Substantial evidence implicates EGF-like growth factors (GFs) in promoting the survival, proliferation, migration and invasiveness of normal and malignant epithelial cells. Several different signaling pathways have been shown to promote shedding of membrane-bound EGF-like GFs. Our published data demonstrate that metalloproteinases (MPs) are a major stimulus for ErbB signaling, ERK activation and subsequent gene expression in human skin organ culture. Our preliminary data indicate that MPs are required for autocrine ERK activation in normal human keratinocytes (NHK). They also demonstrate that MP inhibitors block proliferation and wound-induced migration of NHK, and that different ligands appear to be involved in LPA stimulation, autocrine proliferation, and wound-induced migration of NHK. Together, these data indicate that autocrine keratinocyte (KC) signaling requires context-dependent cleavage of membrane-bound ErbB ligands by MPs. The MP(s) involved in transactivating ErbB receptors in skin and KCs have not yet been elucidated. Several members of the ADAM family are strongly implicated in ectodomain processing of various membrane-bound proteins. ADAM10 was recently shown to mediate the basal as well as G protein-coupled receptors (GPCR)-stimulated activation of EGF receptors in mammary epithelial cells. Our preliminary data indicate that ADAM10 is abundantly expressed in NHK, and that expression of the active form of ADAM10 correlates with EGF-independent migration and ERK activation. Based on these observations, we hypothesize that KCs utilize ADAM10 to catalyze shedding of one or more transmembrane EGF-like GF precursors in a context-dependent manner, leading to stimulus-specific KC responses. To test this hypothesis, we propose the following specific aims:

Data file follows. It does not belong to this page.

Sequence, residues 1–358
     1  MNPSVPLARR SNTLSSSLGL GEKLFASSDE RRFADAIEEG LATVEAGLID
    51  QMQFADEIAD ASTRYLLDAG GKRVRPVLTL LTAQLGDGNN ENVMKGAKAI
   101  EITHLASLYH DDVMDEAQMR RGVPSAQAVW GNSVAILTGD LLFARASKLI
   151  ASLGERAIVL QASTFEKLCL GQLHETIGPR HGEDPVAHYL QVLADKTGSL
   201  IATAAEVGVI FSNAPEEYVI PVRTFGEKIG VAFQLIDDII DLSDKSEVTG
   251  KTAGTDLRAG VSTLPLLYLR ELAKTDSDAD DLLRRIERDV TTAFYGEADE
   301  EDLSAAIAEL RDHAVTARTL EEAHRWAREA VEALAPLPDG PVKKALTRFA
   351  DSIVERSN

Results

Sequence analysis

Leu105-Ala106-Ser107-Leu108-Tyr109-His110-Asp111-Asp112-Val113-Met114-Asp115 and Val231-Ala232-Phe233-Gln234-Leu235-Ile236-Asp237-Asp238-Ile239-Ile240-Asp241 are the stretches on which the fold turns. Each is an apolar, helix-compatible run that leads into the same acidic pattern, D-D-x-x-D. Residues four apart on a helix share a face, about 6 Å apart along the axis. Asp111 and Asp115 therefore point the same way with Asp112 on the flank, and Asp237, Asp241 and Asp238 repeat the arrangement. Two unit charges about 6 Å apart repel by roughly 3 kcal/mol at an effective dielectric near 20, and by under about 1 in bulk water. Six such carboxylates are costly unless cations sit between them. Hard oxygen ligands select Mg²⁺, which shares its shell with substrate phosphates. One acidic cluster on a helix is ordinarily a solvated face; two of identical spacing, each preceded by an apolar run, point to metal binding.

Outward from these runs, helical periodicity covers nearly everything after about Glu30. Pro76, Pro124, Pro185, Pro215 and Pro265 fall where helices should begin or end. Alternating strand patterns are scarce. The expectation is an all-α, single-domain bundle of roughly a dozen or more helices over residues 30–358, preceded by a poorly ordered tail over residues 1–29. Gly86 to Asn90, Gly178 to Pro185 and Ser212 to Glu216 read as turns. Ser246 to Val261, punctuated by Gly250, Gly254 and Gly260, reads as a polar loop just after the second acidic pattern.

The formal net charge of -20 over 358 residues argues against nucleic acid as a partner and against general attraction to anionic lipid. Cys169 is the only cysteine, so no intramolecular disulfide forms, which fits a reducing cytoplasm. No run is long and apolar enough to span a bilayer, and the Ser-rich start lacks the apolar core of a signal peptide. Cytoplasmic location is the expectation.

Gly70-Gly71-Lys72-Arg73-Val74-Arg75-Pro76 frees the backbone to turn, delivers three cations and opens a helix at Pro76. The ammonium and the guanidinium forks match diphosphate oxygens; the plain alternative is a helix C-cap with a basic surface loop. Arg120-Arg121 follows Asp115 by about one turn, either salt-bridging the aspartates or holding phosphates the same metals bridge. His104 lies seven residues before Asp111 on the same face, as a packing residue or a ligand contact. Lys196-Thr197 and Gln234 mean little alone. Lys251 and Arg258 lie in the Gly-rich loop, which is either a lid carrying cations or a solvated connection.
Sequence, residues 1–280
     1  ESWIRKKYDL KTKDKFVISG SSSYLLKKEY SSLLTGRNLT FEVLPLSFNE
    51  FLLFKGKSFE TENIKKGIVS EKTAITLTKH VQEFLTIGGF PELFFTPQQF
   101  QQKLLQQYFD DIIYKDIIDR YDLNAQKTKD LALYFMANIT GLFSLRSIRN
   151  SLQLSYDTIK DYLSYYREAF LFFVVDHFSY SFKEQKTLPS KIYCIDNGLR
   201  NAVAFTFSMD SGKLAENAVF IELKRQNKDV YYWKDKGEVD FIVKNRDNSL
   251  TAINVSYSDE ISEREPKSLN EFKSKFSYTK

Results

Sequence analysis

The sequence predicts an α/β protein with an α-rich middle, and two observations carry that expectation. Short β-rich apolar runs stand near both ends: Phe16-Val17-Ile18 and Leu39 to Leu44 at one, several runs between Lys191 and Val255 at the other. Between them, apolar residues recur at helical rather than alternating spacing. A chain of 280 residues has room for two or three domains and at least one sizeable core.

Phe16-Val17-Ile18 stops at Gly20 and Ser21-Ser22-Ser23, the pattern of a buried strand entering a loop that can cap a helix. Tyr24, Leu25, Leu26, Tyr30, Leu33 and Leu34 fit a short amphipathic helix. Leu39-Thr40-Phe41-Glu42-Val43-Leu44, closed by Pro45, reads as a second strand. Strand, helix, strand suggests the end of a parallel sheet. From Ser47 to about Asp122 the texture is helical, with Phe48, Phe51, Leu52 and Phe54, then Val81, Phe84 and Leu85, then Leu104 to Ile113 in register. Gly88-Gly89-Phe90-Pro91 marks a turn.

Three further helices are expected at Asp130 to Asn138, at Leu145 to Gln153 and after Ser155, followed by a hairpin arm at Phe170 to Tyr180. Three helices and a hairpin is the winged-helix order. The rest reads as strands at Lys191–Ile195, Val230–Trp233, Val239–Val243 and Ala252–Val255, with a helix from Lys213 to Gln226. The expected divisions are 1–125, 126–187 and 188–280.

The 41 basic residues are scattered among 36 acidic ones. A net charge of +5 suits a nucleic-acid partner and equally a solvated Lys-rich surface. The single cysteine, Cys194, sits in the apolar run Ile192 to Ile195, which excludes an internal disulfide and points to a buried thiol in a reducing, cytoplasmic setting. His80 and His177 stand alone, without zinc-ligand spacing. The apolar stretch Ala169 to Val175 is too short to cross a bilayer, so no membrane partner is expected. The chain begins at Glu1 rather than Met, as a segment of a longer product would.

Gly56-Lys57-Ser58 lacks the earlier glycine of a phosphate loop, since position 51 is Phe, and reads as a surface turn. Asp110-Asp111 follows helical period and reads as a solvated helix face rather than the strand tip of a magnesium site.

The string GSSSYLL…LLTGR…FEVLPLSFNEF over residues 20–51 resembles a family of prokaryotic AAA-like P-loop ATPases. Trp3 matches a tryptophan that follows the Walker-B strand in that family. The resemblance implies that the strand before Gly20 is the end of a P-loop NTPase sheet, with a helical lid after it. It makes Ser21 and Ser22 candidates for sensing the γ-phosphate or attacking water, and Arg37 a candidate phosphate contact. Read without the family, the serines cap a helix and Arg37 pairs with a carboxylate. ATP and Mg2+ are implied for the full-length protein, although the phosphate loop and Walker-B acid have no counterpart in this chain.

Specific Aim 1 : To (a) determine which ErbB receptor ligands are shed from KC via MP-dependent proteolysis in three cellular contexts (LPA stimulation, autocrine proliferation, and wound-induced migration), and (b) to elucidate the context-dependent functions of the various autocrine ErbB ligands identified in Aim la.
Specific Aim 2 determines whether and in which contexts ADAM10 is involved in the shedding of ErbB ligands in human KCs.
|Lambert, Sylviane; Swindell, William R; Tsoi, Lam C et al. (2017) Dual Role of Act1 in Keratinocyte Differentiation and Host Defense: TRAF3IP2 Silencing Alters Keratinocyte Differentiation and Inhibits IL-17 Responses. J Invest Dermatol 137:1501-1511|
|Molinuevo, R; Freije, A; de Pedro, I et al. (2017) FOXM1 allows human keratinocytes to bypass the oncogene-induced differentiation checkpoint in response to gain of MYC or loss of p53. Oncogene 36:956-965|
|Li, Yong; Stoll, Stefan W; Sekhon, Sahil et al. (2016) Transgenic expression of human amphiregulin in mouse skin: inflammatory epidermal hyperplasia and enlarged sebaceous glands. Exp Dermatol 25:187-93|
|Stoll, Stefan W; Stuart, Philip E; Lambert, Sylviane et al. (2016) Membrane-Tethered Intracellular Domain of Amphiregulin Promotes Keratinocyte Proliferation. J Invest Dermatol 136:444-452|
|Stoll, S W; Stuart, P E; Swindell, W R et al. (2016) The EGF receptor ligand amphiregulin controls cell division via FoxM1. Oncogene 35:2075-86|
|Stoll, Stefan W; Rittie, Laure; Johnson, Jessica L et al. (2012) Heparin-binding EGF-like growth factor promotes epithelial-mesenchymal transition in human keratinocytes. J Invest Dermatol 132:2148-57|
|Johnston, Andrew; Gudjonsson, Johann E; Aphale, Abhishek et al. (2011) EGFR and IL-1 signaling synergistically promote keratinocyte antimicrobial defenses in a differentiation-dependent manner. J Invest Dermatol 131:329-37|
|Stoll, Stefan W; Johnson, Jessica L; Bhasin, Ajay et al. (2010) Metalloproteinase-mediated, context-dependent function of amphiregulin and HB-EGF in human keratinocytes and skin. J Invest Dermatol 130:295-304|
|Stoll, Stefan W; Johnson, Jessica L; Li, Yong et al. (2010) Amphiregulin carboxy-terminal domain is required for autocrine keratinocyte growth. J Invest Dermatol 130:2031-40|